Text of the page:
Scientists have created artificial atoms that generate single photons, in advance that may be a big step in the development of all-optical quantum computing.  The artificial atoms – which work in air and at room temperature – were created by drilling holes in a thin two-dimensional sheet of hexagonal boron nitride with a galliu m-focused ion beam.
"Our work provides a source of single photons that could act as carriers of quantum information or as qubits." Benjamin J Aleman, from the University of Oregon in the US.
"We'd like to pattern these two photons emitters into circuits or [A1]. Aleman.
The invention relates to two hexagonal boron nitride flakes of 2D hexagonal atoms,
Researchers are using the discovery to produce and use photons as sources of single photons and qubits in quantum photonic circuits.
Traditional approaches for using atoms in quantum research have focused on capturing atoms, and how they exhibit quantum superposition, or the ability to do so in a simultaneous combination of "off" and on "states."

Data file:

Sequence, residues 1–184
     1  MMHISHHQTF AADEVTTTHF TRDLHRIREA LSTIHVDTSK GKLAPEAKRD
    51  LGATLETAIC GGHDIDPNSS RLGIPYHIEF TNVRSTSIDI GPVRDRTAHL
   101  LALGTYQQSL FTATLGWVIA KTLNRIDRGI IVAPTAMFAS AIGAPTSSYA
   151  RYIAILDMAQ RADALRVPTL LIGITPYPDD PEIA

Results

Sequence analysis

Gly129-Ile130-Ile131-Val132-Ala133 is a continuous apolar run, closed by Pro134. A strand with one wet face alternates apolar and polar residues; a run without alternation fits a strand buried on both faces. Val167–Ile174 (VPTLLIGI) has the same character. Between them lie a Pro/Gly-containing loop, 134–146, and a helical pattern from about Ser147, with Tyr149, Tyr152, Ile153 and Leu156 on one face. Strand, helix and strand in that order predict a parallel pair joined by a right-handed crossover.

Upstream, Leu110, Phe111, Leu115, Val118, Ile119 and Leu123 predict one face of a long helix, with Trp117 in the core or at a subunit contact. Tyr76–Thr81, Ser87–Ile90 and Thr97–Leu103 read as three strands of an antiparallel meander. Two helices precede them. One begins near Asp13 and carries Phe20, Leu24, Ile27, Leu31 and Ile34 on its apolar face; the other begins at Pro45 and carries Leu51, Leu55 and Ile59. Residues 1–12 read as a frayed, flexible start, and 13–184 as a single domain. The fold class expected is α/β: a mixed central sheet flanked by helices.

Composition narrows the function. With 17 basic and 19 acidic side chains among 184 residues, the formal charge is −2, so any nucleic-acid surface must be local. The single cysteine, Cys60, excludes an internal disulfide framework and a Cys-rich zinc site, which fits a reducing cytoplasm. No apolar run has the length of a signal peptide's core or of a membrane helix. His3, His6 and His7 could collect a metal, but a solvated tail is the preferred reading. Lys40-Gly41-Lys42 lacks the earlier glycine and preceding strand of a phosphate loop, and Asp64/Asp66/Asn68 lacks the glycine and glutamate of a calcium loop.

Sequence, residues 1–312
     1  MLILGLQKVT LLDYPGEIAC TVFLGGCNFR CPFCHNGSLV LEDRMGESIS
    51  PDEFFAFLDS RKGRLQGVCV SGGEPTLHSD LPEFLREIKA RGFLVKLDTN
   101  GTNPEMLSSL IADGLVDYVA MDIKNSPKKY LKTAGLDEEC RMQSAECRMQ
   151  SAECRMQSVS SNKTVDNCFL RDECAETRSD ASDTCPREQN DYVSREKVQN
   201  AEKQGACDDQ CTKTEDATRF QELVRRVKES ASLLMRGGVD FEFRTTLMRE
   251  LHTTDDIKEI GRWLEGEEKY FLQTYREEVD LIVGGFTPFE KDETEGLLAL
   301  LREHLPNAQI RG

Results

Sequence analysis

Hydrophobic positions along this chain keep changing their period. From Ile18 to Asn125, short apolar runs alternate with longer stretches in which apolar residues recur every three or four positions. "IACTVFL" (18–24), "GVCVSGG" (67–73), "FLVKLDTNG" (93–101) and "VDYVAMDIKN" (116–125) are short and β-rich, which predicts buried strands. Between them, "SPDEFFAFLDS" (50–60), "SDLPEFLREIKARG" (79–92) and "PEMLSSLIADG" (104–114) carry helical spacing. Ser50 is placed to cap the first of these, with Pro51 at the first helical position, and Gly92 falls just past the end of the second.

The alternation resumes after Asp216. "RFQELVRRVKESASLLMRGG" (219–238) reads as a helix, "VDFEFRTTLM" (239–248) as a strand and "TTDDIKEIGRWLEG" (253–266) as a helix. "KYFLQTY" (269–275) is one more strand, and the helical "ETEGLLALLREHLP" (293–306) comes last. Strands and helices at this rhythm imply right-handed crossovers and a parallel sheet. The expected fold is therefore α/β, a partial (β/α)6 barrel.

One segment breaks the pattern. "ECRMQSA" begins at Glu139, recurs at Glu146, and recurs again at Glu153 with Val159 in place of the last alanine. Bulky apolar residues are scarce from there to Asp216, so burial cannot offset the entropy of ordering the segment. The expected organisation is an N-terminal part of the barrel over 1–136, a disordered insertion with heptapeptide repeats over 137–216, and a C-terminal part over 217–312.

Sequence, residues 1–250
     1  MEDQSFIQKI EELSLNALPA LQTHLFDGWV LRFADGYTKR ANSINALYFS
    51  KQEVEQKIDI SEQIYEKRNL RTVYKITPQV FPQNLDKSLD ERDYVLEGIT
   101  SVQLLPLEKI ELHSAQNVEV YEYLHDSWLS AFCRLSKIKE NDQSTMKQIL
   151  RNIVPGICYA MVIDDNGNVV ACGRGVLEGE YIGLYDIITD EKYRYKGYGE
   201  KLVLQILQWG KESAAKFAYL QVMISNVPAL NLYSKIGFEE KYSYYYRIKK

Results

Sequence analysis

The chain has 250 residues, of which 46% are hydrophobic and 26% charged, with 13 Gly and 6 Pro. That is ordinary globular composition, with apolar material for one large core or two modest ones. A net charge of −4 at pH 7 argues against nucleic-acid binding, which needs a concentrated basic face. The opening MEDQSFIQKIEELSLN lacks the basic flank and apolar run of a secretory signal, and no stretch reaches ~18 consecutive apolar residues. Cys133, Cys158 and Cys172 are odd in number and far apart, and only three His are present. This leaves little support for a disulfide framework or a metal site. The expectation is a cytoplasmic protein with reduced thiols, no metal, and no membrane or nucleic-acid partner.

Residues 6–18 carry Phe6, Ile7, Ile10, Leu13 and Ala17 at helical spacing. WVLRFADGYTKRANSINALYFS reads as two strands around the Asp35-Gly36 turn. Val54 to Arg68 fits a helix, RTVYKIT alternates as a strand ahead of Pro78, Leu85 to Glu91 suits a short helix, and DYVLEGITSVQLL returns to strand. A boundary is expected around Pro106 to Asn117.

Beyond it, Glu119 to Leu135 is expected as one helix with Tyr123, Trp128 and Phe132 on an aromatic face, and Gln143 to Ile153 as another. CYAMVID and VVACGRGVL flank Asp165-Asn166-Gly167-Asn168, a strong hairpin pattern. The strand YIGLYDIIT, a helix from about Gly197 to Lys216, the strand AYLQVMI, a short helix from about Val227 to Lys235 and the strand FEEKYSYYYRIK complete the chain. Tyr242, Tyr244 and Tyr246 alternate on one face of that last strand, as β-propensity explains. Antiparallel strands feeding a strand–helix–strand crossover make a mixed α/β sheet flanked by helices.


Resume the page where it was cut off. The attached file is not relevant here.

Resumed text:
However, the object of the invention is to be found in the vicinity of an edge.
Motivated by the observation of artificial atoms are often found near the edge
The devices were then annealed in oxygen at 850 degrees Celsius to remove carbon and other residual material and to activate the emitters.
Confocal microscopy revealed tiny spots of light coming from the drilled regions. Zooming in, Aleman's team saw the individual bright spots at the lowest possible level – a single photon at a time.
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The individual photons conceivably could be used as tiny, ultra-sensitive thermometers, in quantum key distribution, or to transfer, store and process quantum information, according to
"The big breakthrough is that we've discovered a simple, scalable way to nanofabricate artificial atoms on a microchip, and that the artificial atoms work in air and at room temperature," Aleman said.
"Our artificial atoms want to make lots of new and powerful technologies. In the future, they could be used for safer, more secure, more private communications, and much more powerful computers that could be used to gain a deeper understanding of the quantum computation, "he said.